In what one politician told the Bild newspaper was a "strategic masterstroke," the Social Democrats (SPD) disrupted voting on the proposals by forcing a Hammelsprung.
This involves all members of parliament leaving the room and whichever door they reenter through signifies their vote. But in a twist, many members of Germany's main opposition parties the SPD and the Greens staged a boycott by leaving the room and not coming back in.
This left the ruling parties without just 211 of the 310 voters needed to make the parliamentary vote valid and the session was dissolved at just past 11.30 am.
“I think it's scandalous,” family spokeswoman for the ruling CDU parliamentary group Dorothee Bär told Die Welt on Friday.
The Bundestag German lower house had been voting on a scheme to pay money to parents who keep their young children at home rather than sending them to state-subsidised day care.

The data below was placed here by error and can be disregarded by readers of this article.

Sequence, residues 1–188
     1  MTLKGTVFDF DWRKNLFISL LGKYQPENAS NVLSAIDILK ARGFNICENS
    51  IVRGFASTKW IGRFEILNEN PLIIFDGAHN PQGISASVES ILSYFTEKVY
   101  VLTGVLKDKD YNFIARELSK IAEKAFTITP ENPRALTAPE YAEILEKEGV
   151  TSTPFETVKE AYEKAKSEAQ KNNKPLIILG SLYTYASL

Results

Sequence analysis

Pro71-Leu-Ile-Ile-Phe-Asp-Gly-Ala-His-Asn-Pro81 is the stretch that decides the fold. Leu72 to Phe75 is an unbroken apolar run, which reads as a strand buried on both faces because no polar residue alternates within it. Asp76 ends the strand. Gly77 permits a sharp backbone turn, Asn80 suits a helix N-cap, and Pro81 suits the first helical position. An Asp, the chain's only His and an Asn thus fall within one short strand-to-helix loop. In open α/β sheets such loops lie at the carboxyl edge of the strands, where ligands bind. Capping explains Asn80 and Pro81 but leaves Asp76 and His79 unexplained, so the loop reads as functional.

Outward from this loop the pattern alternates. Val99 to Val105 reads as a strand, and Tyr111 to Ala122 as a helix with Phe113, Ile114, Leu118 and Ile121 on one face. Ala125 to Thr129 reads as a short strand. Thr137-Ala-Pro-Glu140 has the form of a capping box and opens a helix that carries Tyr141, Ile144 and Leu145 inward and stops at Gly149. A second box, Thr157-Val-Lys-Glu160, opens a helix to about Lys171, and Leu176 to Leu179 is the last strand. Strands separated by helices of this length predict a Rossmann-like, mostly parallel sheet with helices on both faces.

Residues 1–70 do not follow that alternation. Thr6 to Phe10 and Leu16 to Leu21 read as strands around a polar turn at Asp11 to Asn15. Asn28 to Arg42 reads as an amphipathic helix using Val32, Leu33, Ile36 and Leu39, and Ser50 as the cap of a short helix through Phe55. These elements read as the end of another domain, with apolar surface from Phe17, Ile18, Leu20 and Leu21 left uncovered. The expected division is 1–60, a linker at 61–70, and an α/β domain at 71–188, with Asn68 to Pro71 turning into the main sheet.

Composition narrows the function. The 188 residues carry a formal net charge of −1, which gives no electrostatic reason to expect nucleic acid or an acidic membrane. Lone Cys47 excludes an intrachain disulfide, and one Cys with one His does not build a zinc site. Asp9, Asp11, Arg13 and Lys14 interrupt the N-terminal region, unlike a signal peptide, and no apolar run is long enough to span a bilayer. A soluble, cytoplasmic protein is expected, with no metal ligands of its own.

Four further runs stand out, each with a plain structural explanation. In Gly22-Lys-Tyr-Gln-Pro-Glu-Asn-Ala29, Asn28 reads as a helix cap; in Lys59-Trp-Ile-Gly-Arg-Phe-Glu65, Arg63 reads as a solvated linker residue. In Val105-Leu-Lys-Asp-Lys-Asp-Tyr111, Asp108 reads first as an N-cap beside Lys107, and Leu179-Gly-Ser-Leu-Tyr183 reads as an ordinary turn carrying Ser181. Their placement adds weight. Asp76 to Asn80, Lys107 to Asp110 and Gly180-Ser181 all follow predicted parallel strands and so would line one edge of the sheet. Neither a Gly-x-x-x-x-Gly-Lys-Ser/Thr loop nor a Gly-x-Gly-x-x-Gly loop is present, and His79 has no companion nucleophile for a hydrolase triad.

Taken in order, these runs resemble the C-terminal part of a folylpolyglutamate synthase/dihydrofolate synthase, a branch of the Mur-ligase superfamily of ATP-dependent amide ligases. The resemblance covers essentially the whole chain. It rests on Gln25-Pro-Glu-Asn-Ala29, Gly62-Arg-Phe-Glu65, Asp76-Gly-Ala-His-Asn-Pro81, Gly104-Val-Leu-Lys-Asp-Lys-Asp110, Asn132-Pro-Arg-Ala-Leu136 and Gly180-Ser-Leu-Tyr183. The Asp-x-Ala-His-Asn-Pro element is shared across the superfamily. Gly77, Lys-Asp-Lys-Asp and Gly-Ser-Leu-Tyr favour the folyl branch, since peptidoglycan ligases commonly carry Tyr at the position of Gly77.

The provision has been championed by the Christian Social Union (CSU), the Bavarian sister party to Angela Merkel's Christian Democratic Union (CDU).
But critics - including the German opposition parties, international development organisations and the European Commission - believe the money would be better spent investing in expanding the network of day care facilities on offer.
The ruling parties are fuming at the opposition's trick. Alexander Dobrindt of the conservative CDU called it a “small, dirty piece of foul play” and told the paper it was a “disgrace for democracy.”
“This unprecedented behaviour based on leftist ideological blindness is not fair to the dignity of parliament, nor is it appropriate to the matter,” Bär told the paper.
The opposition parties are celebrating their success - as it looks unlikely that the benefit proposals can now be decided before the parliament breaks for summer at the end of the month.